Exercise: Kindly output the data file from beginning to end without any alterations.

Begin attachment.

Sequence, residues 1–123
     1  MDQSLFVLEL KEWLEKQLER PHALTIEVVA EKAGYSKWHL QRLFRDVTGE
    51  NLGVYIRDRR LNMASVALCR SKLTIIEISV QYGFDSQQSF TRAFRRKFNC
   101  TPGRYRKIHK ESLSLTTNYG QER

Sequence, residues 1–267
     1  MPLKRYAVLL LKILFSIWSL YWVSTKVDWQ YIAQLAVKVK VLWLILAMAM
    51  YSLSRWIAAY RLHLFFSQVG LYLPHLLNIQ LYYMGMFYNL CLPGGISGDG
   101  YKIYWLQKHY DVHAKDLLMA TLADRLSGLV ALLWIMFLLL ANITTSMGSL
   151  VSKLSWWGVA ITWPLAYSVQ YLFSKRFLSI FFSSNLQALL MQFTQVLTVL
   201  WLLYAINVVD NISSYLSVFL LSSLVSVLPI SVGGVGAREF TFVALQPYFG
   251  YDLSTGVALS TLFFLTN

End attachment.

Sequence, residues 1–123
     1  MDQSLFVLEL KEWLEKQLER PHALTIEVVA EKAGYSKWHL QRLFRDVTGE
    51  NLGVYIRDRR LNMASVALCR SKLTIIEISV QYGFDSQQSF TRAFRRKFNC
   101  TPGRYRKIHK ESLSLTTNYG QER

Sequence, residues 1–267
     1  MPLKRYAVLL LKILFSIWSL YWVSTKVDWQ YIAQLAVKVK VLWLILAMAM
    51  YSLSRWIAAY RLHLFFSQVG LYLPHLLNIQ LYYMGMFYNL CLPGGISGDG
   101  YKIYWLQKHY DVHAKDLLMA TLADRLSGLV ALLWIMFLLL ANITTSMGSL
   151  VSKLSWWGVA ITWPLAYSVQ YLFSKRFLSI FFSSNLQALL MQFTQVLTVL
   201  WLLYAINVVD NISSYLSVFL LSSLVSVLPI SVGGVGAREF TFVALQPYFG
   251  YDLSTGVALS TLFFLTN